Armstrong, Sorenstam ESPY’s Top Athletes
LOS ANGELES (AP) _ Lance Armstrong cracked risque jokes as the first athlete to host the ESPY Awards, then picked up his fourth consecutive male athlete of the year trophy Wednesday night.
``It wasn’t rigged, I promise,″ he told the Kodak Theatre audience after receiving his silver trophy from singer Mariah Carey.
Armstrong beat out fellow nominees Albert Pujols, LeBron James, Shaun Alexander and recently drafted Texas quarterback Vince Young.
It was the cyclist’s first appearance at the ESPN show honoring the year’s best sports moments and athletes. He’s usually riding in the Tour de France this time of year, but Armstrong retired after winning his record seventh championship last summer.
Armstrong singled out some of the superstar athletes in the audience during his monologue, including Olympic skier Bode Miller, who was criticized for partying hearty during the Turin Games.
``Bode Miller is here, totally sober,″ Armstrong cracked. ``He only drinks when he races.″
Comedian Will Ferrell interrupted Armstrong’s acceptance speech to sing the 1970s song ``Times of Your Life″ with lyrics rewritten for Armstrong.
``You’ve beat the best, let’s not forget every urine test,″ Ferrell crooned after introducing a white-suited astronaut the comic insisted was Armstrong’s long-lost father, Neil Armstrong.
``Neil Armstrong is not my dad and I don’t even think that’s Neil Armstrong,″ the cyclist said.
``Well said,″ Ferrell replied before plowing on with the musical parody.
Golfer Annika Sorenstam repeated as best female athlete, her eighth career ESPY. She defeated nominees snowboarder Hannah Teter, WNBA player Sheryl Swoopes and race car driver Melanie Troxel.
``A lot of great memories are coming back to me. I had a fantastic time last year,″ Sorenstam said in a taped acceptance. ``There are so many great athletes in the world out there and to receive another ESPY is beyond my dreams.″
Tiger Woods won as best golfer, earning his record 17th ESPY.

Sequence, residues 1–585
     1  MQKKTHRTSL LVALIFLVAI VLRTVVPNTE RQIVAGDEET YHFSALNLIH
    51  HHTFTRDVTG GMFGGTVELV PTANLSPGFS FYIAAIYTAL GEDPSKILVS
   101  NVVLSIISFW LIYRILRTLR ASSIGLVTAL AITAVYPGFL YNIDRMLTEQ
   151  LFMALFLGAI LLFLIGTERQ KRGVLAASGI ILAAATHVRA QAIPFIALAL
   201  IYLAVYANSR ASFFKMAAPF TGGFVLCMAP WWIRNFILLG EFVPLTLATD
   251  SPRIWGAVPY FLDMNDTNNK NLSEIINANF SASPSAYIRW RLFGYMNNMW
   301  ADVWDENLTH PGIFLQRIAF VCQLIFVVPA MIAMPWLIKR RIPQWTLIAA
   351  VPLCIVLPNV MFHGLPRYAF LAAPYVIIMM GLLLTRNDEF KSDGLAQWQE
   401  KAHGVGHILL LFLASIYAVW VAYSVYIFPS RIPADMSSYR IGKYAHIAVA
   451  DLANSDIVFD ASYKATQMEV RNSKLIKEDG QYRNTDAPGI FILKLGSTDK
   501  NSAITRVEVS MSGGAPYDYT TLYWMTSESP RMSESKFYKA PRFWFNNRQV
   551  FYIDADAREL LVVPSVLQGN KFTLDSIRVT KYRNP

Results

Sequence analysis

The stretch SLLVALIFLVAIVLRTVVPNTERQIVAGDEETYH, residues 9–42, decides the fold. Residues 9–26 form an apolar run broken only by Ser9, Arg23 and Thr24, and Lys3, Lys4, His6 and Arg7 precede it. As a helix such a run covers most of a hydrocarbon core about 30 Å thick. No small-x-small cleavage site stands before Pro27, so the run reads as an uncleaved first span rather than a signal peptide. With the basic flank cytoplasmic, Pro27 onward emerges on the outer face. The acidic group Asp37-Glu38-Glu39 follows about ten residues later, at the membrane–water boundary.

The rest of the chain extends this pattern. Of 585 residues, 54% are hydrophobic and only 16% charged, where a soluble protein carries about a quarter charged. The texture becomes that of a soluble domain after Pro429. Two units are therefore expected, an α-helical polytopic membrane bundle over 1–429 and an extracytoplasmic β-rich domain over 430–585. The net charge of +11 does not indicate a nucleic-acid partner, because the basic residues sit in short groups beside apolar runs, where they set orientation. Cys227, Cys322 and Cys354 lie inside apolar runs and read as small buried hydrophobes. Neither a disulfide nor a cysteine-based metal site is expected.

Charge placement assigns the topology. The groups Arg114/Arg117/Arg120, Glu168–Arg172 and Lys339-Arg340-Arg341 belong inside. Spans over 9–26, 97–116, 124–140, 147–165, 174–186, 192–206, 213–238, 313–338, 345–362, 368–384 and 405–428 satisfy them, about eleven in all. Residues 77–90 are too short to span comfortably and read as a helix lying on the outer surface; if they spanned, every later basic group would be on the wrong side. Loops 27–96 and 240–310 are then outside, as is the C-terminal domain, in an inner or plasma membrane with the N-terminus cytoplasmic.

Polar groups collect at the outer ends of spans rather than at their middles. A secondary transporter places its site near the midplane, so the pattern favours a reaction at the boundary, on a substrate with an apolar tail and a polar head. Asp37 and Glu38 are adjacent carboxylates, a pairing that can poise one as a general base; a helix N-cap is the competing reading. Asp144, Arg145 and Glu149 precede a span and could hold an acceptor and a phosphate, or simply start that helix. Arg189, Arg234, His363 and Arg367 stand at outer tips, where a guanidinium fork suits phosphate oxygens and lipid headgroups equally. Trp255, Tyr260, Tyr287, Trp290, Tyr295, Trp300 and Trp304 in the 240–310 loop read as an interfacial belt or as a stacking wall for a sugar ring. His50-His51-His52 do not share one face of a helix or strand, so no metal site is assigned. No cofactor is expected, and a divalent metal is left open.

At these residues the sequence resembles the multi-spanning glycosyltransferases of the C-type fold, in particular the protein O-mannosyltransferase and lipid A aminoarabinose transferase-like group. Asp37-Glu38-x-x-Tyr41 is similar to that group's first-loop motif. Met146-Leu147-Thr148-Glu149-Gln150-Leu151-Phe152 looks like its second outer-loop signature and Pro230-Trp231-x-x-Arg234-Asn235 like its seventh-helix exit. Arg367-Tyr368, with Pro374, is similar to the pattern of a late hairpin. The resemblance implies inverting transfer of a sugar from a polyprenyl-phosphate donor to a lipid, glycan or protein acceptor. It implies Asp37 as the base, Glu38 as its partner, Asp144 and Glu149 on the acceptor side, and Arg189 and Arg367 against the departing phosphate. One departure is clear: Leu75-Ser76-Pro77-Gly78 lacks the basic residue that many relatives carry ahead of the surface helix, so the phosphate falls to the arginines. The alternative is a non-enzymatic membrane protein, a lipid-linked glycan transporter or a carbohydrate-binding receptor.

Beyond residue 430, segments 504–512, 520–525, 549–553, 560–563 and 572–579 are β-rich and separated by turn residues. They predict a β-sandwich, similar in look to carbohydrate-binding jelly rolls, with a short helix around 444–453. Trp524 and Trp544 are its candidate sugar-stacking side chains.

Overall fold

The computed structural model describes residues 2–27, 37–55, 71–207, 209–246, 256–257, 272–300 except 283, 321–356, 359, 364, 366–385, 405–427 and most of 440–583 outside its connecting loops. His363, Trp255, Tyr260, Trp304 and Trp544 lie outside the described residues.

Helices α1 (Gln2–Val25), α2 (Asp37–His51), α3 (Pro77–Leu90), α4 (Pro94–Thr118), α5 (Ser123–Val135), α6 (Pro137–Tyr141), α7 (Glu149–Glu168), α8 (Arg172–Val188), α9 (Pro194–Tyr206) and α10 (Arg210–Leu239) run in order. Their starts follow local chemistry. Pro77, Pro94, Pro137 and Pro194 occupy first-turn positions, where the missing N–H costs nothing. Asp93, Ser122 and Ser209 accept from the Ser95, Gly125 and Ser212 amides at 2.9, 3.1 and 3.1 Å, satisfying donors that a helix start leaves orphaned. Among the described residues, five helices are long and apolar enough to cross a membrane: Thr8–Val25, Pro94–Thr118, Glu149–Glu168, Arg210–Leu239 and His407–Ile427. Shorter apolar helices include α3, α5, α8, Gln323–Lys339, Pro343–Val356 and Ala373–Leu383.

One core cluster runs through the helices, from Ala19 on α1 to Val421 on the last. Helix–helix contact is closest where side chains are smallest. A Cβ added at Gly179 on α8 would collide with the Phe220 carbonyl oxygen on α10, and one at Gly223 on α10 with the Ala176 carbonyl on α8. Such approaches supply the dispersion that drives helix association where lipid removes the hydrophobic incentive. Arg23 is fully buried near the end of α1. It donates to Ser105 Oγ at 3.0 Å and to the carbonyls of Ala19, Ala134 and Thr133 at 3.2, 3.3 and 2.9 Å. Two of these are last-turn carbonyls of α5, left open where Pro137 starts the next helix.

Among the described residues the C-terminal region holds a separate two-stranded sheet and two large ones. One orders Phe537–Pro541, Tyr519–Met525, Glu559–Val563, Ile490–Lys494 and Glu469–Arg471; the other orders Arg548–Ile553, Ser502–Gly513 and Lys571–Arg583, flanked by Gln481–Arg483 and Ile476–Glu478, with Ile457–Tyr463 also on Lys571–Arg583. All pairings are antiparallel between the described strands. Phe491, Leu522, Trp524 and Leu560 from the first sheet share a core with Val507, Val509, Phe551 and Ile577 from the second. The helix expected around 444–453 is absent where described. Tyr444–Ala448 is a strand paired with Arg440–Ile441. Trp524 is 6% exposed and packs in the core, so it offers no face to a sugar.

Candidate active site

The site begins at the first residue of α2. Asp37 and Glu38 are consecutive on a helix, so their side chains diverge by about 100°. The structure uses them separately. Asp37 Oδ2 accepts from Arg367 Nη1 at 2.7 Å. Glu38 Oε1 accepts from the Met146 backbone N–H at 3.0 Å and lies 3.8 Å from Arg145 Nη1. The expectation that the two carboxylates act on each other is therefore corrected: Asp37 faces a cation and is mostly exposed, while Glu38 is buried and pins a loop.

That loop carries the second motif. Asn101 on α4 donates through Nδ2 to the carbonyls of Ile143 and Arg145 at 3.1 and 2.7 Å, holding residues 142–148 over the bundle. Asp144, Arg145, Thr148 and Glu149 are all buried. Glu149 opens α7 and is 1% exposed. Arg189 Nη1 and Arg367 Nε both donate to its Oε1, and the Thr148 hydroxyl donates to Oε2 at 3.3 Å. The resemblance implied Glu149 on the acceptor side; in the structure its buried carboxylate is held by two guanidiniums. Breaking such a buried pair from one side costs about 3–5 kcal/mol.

The Super Bowl champion Pittsburgh Steelers won as best team, while Bill Cowher earned coach-manager honors.
Steelers quarterback Ben Roethlisberger joined his teammates and Cowher onstage to accept the team award in his first public appearance since his motorcycle crash last month.
Roethlisberger didn’t appear backstage to talk to reporters.
``I have no concerns about Ben,″ Cowher said backstage. ``He’s going to have to get hit a couple times to see if he’s all the way back. Hopefully, he can be a great inspiration to a lot of people about looking at life a little more cautiously.″
Actor-presenter Mark Wahlberg took a jab at Roethlisberger’s accident, warning Miami Heat star Dwyane Wade not to ride a motorcycle this offseason. Wade smiled sheepishly in the audience.
Pujols, the St. Louis Cardinals’ first baseman, Alexander and snowboarder Shaun ``The Flying Tomato″ White were double winners.
Pujols won for baseball player and international athlete; Alexander earned NFL player and record-breaking performance honors; and White was chosen U.S. Olympian and male action sport athlete.
The best moment award went to Jason McElwain, the autistic manager of his upstate New York high school’s basketball team, who scored 20 points in barely four minutes as a substitute.
McElwain beat out Los Angeles Lakers star Kobe Bryant’s 81-point game last season.
The Arthur Ashe Courage Award was presented to Shamila Kohestani and Roia Noor Ahman, representing young women who play in organized soccer leagues in post-Taliban Afghanistan.
A special ESPY was presented to the boys’ basketball team from John Ehret High in Marrero, La. After Hurricane Katrina, the team was patched together and went on to win the state title.
The cable network said a record 12.1 million votes were tabulated, with fans voting online to decide the winners for the third consecutive year.
The awards will be shown Sunday night on ESPN.